A post by balloon and the employment of carrier pigeons had been already introduced, the first for the dispatch of communications, the second for their conveyance to the authorities within the city. The first so brought in was a Proclamation by Gambetta, who had by means of aerial transit proceeded to Tours. By photography it was reduced to a minimum size, and so attached to a pigeon; by a reverse method it was enlarged, and so made legible. Throughout the remaining period of the siege letters were regularly dispatched by balloon to those dear to me ; but weeks had to elapse before intimation from the outside world was received.

The arrival of Colonel Lloyd Lindsay in the middle of October as bearer of £20,000, a donation from England to the sick and wounded in Paris, was an important event. He entered the city in the uniform of his rank. The spy mania was still strong; he was captured as such, and underwent various unpleasant experiences notwithstanding the philanthropic character of his mission. By order of General Le Flo, Minister of War, I became a member of the Committee appointed to distribute 'Me don Anglais," and fulfilled the duty as best as I could. Looking back through the vista of many years doubts occur as to the actual amount of good effected by that day. While it was in process of distribution, jealousies were expressed among institutions to which portions of it were given, while among various classes of persons the remark was heard, "It is all very well to send us money, but France expected aid of another and more active kind." Nor were the French singular in the views expressed, if information subsequently gained is correct.

Those who, as already alluded to, claimed rights and privileges as British subjects had to be seen to by countrymen able to afford partial help in the circumstances of the time. Previous to the departure of their Representative, intimation was sent to them that they also were at liberty to quit the threatened city ; but if they preferred to remain, they did so on their individual responsibility. So stringent were orders left with regard to the "British Charitable Fund" that help therefrom could only be given under authority of that Representative, and it impossible to obtain after his departure. As expressed by some of the persons alluded to, "What could they do by quitting Paris? All their possessions were in the city; so were their homes; if they were to die of starvation, better do so there than away, shelterless and wanderers among strangers and possibly enemies. Their means of obtaining or earning income had for the time being ceased; unless aided by compatriots, they must perish." An extemporized Board of Assistance obtained for and distributed among them help, and to those suffering from illness professional aid. But in all this the official element had no part.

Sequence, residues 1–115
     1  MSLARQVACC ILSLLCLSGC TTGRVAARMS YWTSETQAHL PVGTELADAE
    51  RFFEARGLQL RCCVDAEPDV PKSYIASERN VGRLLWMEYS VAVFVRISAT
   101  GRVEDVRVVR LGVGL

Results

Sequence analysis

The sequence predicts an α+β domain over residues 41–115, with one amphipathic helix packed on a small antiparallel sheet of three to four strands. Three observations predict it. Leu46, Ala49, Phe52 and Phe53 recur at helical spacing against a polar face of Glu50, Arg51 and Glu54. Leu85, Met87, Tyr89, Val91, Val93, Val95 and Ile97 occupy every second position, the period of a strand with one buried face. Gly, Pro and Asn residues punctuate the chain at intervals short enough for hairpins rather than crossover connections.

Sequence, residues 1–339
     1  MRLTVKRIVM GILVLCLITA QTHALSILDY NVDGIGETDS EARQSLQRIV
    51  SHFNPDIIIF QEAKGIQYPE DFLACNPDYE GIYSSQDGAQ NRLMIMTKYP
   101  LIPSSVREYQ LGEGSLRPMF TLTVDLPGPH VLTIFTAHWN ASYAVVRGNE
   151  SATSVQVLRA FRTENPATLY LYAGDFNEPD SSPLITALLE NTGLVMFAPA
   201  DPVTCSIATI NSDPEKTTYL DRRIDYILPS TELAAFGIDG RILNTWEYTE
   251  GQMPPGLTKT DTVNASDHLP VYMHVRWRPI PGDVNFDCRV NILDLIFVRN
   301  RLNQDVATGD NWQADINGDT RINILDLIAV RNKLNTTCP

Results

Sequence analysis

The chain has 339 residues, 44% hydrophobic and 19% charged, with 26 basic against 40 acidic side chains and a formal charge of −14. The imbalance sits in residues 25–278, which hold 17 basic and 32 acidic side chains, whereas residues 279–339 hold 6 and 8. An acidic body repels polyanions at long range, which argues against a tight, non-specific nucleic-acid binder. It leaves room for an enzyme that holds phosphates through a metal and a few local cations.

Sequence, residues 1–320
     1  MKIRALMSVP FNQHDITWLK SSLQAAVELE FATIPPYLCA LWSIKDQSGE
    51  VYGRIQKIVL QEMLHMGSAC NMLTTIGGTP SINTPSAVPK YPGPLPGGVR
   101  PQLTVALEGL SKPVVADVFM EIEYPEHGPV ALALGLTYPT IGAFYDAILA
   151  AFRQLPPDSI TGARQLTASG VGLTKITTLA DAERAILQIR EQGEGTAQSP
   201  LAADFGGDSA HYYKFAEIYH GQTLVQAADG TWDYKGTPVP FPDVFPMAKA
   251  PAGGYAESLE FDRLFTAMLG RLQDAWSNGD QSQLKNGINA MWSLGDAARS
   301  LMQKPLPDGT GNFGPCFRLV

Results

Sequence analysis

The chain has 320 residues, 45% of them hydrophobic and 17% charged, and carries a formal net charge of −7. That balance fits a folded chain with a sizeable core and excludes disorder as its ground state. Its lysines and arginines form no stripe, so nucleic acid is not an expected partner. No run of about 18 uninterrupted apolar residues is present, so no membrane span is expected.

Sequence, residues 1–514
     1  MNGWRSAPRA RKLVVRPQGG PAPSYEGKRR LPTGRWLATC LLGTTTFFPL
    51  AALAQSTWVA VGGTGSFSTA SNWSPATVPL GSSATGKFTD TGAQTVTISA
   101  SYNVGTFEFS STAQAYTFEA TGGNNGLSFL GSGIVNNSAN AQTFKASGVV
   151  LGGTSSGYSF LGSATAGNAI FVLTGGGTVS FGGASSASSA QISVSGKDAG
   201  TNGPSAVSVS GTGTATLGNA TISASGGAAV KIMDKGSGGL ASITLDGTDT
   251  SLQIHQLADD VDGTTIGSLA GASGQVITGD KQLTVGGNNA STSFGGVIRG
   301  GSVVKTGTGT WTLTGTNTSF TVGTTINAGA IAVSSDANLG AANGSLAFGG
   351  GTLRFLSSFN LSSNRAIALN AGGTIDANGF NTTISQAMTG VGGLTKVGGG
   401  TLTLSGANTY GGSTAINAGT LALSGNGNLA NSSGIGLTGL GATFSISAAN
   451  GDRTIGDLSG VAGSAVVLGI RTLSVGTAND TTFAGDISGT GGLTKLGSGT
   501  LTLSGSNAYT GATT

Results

The current of events had made two points clear: the first that in the annihilation of her army at Sedan, France was subjected to an emergency not calculated upon or provided against; the second, equally unforeseen, that a powerful army was rapidly strengthening an investing circle around her capital. Such measures as were adopted under the combined circumstances must needs be taken on the spur of the moment, and from materials ready at hand, these facts to be borne in mind by those of us who were mere lookers-on.'

Works of defence included the strengthening of forts and ramparts already existing; the erection of barricades, and other operations incidental to conditions at the time existing. Workmen unused to such requirements had to be employed, the results being disproportion between labourers numerically and in their performances, alike in quantity and in quality. Much of their time was spent in trifling, in "demonstrations," in drinking, singing, and fighting with comrades who had joined the ranks as "soldiers"; others of them were loud in demands for arms, though, as subsequently shown, those given to them were misused. The general result of these conditions was that when October had came to an end defensive works were still incomplete.